Clarence Matthew Baker was a Black comic book artist who died in 1959. He attended the Cooper Union School of Engineering, Art, and Design in New York. In 1944, he got a job as a background artist with the S.M. Iger Studio. His first published work was in Jumbo Comics #69.
Baker is best remembered for the costumed crime-fighter Phantom Lady and as the medium’s first known Black artist; he was active as early as the 1930s-40s Golden Age of comic books. Baker penciled what is arguably the first graphic novel, St. John Publications’ digest-sized “picture novel” It Rhymes with Lust (1950). His speciality was drawing “good girl art”, a comics sub-genre for which his available work is in high demand with collectors. Baker’s career was launched at the Iger Studio, one of many 1940s “packagers” who provided outsourced comics on demand for eager publishers entering the new medium. Through Iger, Baker produced work for various publishers including St. John, Fiction House, Fox, and Quality Comics.
The Phantom Lady (created by Arthur Peddy in 1941) was a Quality Comics feature supplied by the Iger Studio. After Quality dropped her feature in Police Comics, Iger supplied her to Fox Comics, which had also requested a sexy costumed adventuress. Matt Baker redesigned the character into her best-known incarnation, and she debuted in Fox’s Phantom Lady #13 (Aug. 1947), the premiere issue after taking over the numbering of the canceled comic Wotalife. Baker’s Phantom Lady also appeared as a backup feature in All Top Comics #9-16.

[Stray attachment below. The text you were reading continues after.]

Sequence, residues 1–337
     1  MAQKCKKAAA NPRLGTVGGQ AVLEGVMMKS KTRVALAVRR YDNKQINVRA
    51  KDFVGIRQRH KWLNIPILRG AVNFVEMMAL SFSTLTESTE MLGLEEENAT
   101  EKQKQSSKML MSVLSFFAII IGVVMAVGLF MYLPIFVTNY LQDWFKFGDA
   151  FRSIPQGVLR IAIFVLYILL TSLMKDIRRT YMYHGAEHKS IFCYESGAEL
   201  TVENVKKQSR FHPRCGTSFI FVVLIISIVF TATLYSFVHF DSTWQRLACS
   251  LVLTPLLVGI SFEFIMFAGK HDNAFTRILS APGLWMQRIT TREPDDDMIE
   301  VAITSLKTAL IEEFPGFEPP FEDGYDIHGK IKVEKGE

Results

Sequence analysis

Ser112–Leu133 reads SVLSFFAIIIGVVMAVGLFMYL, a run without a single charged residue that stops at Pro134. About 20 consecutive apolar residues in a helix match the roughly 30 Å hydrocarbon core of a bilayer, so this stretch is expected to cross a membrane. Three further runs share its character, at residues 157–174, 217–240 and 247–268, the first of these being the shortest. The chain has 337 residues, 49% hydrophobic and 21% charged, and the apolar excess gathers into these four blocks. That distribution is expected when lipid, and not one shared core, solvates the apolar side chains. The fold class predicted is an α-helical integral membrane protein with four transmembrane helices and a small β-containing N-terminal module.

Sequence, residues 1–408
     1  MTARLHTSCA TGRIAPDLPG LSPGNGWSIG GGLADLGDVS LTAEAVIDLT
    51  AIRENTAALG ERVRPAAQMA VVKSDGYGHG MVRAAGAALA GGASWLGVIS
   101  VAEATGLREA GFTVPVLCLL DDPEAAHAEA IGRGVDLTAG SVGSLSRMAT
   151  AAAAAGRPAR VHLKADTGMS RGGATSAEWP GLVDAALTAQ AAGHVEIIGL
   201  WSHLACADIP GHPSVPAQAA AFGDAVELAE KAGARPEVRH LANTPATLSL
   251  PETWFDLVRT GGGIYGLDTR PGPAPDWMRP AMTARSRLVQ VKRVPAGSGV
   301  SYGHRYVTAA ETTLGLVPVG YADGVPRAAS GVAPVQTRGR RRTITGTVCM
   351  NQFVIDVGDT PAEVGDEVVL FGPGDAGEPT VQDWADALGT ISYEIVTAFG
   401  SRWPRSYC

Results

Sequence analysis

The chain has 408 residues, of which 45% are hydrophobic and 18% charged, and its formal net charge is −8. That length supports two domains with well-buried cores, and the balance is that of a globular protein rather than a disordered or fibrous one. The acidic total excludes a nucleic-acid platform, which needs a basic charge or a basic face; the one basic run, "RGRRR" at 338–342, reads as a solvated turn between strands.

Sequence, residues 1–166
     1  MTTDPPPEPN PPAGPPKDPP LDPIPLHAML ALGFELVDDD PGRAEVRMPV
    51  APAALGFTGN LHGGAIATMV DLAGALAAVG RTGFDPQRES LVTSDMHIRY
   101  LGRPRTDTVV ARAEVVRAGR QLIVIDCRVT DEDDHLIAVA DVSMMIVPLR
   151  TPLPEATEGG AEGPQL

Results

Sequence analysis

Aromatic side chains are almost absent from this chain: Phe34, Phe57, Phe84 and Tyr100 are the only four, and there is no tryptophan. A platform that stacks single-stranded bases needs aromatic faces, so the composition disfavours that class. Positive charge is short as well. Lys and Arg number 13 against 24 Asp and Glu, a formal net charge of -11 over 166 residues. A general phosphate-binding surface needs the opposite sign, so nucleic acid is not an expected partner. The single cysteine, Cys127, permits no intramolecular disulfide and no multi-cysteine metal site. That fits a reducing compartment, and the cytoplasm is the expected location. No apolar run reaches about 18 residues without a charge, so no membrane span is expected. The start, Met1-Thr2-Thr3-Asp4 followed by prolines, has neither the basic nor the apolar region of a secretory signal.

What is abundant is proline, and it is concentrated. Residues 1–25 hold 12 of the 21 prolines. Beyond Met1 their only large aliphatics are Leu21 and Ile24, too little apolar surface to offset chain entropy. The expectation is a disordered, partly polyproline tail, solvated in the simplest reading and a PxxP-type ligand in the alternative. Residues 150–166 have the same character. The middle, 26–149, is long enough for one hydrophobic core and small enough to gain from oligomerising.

His other notable work includes military-humor title Canteen Kate, Tales of The Mysterious Traveler; the feature “Sky Girl” in Fiction House’s Jumbo Comics, the jungle adventures of “Tiger Girl”; “Flamingo”, “South Sea Girl”, “Glory Forbes”, “Kayo Kirby”; and “Risks Unlimited”. He also produced Flamingo as a syndicated comic strip from 1952 through 1954.
He really hit his stride drawing romance titles prolifically for St. John Publications in the 1950’s. Love Romances, My Own Romance, and Teen-Age Romance; and Wartime Romances. His untimely passing in 1959 cut short what might have been a very lucrative period for Baker as the silver age of comics was really getting underway.